63. 63. Chapter 11: Religion in the US The US isn‟t as secular as the UK, but it‟s not  that different:  Christianity is losing power, prestige, and popularity  Christianity is putting greater emphasis on individual choice, this-worldly salvation, therapuetic approach to religion  No significant reversal of religion becoming marginal (despite the Religious Right)  Despite being different from the UK, the differences can be explained by secularization theory
  64. 64. Religion in the US Much greater bias toward being religious   This leads to attendance over-reporting by anywhere from 50% to 70%  Hadaway studies in Ohio and Alabama (checked with church leaders and counted cars)  Think about “vibrant” reference in paper:  How “vibrant” is religious life in the US if somewhere between 15% and 25% of the population is in church on a given Sunday?  That means 75% to 85% are not.  What are your criteria for “vibrant”?
  65. 65. Religion in the US The nature of religions are changing  (we‟ll see this in videos – Aliens in America, Joel Osteen): Less focus on hellfire and damnation   More focus on managing money and being happy Religions have remained strong by  becoming less “religious”? The focus has shifted to “this-worldly”  salvation as opposed to “next-worldly”  Personal relationship with Jesus rather than penitent sinners; “Jesus is my co- pilot”; Buddy Jesus; Jesus action figure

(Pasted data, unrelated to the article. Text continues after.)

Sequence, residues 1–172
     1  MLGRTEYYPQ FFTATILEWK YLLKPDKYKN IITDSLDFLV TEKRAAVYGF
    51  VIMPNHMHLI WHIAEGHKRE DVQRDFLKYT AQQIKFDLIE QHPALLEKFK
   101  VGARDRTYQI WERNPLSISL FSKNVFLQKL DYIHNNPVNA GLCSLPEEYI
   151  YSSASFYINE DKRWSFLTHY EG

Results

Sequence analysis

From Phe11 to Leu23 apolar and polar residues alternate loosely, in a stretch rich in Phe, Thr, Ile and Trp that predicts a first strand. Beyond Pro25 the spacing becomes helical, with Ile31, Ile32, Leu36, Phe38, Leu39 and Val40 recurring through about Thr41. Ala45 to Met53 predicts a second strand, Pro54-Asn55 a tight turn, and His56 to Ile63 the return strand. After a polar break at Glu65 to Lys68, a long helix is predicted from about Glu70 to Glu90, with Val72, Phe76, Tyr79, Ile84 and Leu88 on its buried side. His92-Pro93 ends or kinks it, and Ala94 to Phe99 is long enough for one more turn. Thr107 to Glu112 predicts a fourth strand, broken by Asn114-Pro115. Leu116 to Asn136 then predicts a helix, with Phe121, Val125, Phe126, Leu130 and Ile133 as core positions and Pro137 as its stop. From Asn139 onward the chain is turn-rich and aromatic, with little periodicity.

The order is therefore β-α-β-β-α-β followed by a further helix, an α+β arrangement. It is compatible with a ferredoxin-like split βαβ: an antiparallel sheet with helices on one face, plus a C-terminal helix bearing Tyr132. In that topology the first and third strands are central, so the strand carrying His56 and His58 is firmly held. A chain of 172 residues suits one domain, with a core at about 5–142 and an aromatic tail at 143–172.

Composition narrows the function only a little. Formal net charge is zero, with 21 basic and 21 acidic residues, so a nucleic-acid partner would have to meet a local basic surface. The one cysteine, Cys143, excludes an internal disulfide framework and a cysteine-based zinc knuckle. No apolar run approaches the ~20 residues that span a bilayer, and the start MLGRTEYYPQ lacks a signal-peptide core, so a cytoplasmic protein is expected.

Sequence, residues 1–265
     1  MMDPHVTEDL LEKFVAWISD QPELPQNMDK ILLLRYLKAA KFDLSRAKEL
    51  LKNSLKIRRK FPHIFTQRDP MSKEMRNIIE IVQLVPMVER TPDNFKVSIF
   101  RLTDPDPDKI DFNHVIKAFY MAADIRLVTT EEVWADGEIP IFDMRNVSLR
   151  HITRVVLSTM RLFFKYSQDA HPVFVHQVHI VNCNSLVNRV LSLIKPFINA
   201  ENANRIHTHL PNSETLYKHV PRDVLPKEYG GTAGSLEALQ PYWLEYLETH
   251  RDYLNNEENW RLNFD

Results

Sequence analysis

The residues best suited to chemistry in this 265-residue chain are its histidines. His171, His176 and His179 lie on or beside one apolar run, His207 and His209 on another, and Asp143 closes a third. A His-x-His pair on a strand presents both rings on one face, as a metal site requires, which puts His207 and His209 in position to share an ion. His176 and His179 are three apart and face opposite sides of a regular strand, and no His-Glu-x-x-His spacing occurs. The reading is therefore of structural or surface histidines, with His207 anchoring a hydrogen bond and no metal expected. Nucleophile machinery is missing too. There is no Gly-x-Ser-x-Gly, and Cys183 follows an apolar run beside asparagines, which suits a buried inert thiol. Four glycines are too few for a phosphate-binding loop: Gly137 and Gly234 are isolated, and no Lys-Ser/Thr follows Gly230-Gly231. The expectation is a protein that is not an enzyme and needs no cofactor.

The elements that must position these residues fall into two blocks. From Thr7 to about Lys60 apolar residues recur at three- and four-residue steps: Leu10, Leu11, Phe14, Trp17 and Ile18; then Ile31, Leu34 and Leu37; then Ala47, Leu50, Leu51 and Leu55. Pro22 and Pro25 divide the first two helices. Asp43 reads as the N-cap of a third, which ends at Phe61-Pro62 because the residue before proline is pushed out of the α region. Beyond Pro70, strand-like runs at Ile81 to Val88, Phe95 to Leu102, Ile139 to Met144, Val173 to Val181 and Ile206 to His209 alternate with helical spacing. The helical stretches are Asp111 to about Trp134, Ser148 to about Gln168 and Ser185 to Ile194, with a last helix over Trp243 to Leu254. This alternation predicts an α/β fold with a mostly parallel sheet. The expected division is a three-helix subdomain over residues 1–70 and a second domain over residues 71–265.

66. 66. Religion in the US Why might religion change?  Save most of the specific content from clashing with  secular knowledge  Remove the necessity for arguing with other religions Both of these reasons qualify as: meeting  consumer demand Evidence indicates less agreement with doctrinal  positions among adherents Many don‟t even know their denominational affiliation  or religious family (Protestant, Orthodox, Catholic, Methodist, etc.)
  67. 67. Religion in the US What about the New Christian Right (NCR)?  Have not reduced the number of abortions (economic  equality and sex education do that)  Have not reduced number of women working outside the home (gone up over the last 40 years, including among conservative Christians)  Have not restored male hegemony (hasn‟t increased or decreased much since about 1980)  Have not made divorce more difficult (leveled in 2006 at just under 50% of first marriages by 25th anniversary)  Have not put religious ceremonies back in state schools (though they do occasionally occur)  Have not put “creationism” into schools (just lost Dover case)